And so it came to pass that our hero found himself moving to Stillwater, Oklahoma, in August 2010, there to take up a visiting position in the Mathematics Department at Oklahoma State University (OSU). When told about the impending move, most friends of our recent graduate reacted with considerable surprise over the chosen destination, perhaps expecting to hear of a relocation to a more mainstream town like New Haven, CT, Cambridge, MA, or indeed, New York City. After their initial surprise had passed, most friends next suggested that a blog, a travel diary, or some other suitable presence on the international computer network known as the Internet should be established by the aging mathematician so that his doings in the States might be followed from a distance. Either that, or they hummed a few lines from the famous Rogers & Hammerstein musical, viz! The Swede was skeptical, feeling that he did neither wished to discuss trivialities like the weather (yes, it is very very hot here) online nor that more specific issues like mathematical progress (or lack thereof) or Feelings merited a spot in the glare of the Internet.

A smart friend then proposed our hero should focus instead on a specific aspect of his day-to-day life, one that might be of interest to all manners of acquaintances; namely, how a somewhat snobbish Swede with a propensity towards Mediterranean dishes attempts to feed himself on the plains of the Sooner State. Writing about food was something our hero felt he could do with a minimum of embarrassment, initial target group reaction was favorable, and thus, the Swedish-Oklahoman food blog was born!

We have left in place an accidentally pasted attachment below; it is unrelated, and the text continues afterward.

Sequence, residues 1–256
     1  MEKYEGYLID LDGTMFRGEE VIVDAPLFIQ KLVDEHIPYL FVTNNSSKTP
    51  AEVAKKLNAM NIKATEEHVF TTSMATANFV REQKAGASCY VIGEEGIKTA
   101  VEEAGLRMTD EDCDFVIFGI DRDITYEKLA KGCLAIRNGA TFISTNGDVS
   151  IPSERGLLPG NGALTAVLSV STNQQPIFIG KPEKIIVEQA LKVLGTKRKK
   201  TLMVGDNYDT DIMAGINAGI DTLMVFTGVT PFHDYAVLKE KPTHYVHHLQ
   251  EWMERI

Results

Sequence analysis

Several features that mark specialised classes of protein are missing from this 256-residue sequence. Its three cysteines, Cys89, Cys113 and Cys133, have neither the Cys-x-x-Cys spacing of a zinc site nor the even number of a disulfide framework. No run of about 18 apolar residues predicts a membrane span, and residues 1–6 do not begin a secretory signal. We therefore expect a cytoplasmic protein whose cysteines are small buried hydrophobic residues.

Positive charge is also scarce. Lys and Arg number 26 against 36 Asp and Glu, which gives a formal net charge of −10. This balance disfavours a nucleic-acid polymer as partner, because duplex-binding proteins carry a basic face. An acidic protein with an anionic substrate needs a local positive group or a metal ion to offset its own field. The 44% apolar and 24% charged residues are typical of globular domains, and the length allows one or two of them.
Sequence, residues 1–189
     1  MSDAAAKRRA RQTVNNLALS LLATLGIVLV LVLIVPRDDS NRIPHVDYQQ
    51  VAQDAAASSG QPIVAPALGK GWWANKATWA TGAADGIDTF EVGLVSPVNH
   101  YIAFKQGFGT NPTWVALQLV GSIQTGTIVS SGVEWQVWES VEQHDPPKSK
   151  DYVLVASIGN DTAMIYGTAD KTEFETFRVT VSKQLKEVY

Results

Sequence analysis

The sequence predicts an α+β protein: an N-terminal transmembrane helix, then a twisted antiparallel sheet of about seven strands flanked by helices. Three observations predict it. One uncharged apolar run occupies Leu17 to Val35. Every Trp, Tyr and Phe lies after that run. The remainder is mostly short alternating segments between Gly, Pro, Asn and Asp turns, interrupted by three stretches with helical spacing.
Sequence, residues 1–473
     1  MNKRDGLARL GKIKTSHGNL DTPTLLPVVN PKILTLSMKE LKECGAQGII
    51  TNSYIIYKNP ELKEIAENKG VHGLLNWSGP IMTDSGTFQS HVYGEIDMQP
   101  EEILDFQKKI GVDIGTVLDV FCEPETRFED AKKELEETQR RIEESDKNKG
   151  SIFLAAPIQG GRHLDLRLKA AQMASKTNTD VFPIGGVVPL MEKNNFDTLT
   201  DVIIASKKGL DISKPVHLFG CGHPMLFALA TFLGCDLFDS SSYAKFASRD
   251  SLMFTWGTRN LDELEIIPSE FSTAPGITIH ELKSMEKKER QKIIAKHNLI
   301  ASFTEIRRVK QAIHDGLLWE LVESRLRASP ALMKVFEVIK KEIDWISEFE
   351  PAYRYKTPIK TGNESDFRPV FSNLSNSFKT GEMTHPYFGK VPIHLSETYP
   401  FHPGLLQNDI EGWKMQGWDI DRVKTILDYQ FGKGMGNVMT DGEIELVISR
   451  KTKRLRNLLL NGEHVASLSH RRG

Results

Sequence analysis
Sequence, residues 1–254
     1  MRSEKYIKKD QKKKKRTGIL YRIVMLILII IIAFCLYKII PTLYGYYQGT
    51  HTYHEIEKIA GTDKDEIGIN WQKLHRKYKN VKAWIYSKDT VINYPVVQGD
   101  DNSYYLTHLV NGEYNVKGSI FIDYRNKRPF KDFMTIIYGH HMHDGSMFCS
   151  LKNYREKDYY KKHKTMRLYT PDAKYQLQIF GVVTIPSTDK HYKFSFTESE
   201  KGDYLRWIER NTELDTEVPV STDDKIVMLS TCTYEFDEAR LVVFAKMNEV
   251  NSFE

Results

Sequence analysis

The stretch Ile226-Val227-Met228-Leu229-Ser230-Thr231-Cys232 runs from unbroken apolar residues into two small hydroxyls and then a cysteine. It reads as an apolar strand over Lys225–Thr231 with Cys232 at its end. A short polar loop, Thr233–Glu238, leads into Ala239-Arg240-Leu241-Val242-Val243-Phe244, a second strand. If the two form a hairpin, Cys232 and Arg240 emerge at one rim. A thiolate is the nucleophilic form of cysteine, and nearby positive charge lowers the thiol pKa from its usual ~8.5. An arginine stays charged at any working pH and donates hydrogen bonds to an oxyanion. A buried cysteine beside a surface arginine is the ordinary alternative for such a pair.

Now, while Stillwater is a small town (around 50.000 inhabitants) it is, by Swedish standards, rather spread out, making grocery shopping and hence advanced cooking difficult without access to a car. Fear not, dear reader, with the aid of Southern kindness to strangers, our Swede has managed to purchase a bare minimum of goods and tools needed to feed himself these first few weeks.

Our inaugural post presents a suitably simple dish. Quick and easy to make, yet very tasty and satisfying,  a variant of what is sometimes known as Pasta Napolitana, we give you--Pasta Oklahomana!

Ingredients: 1 onion
                   1 yellow bell pepper
                   1 large & ripe tomato
                   olive oil
                   salt & pepper
                   pasta penne
                   2-3 slices of mozzarella cheese

Dice the onion and the bell pepper. Chop up the tomato and pour the tomato chop into a bowl, without spilling any of the precious tomato juice. In a frying pan, saute the diced onion and pepper in a generous amount of olive oil.

Wait until the onion is soft and the pepper starts getting brown edges, then add salt and pepper. Wait for a few seconds, then add the tomato chop. Turn down the heat and let stew. "No passed tomatos on top of that?" Nope- the tomato contains enough liquid to make a great sauce if you let it stew for a while.

In the meantime, cook the penne. Follow instructions on package if unsure of how to do this. It is not difficult, but make sure the pasta is al dente. Cut off 2-3 slices of mozzarella. Mix the penne and the sauce in a bowl, put the mozzarella slices on top (it will melt deliciously) and add pepper. Done!


Serving suggestions: "Harmacy" by Sebadoh on the side, a can of Budweiser.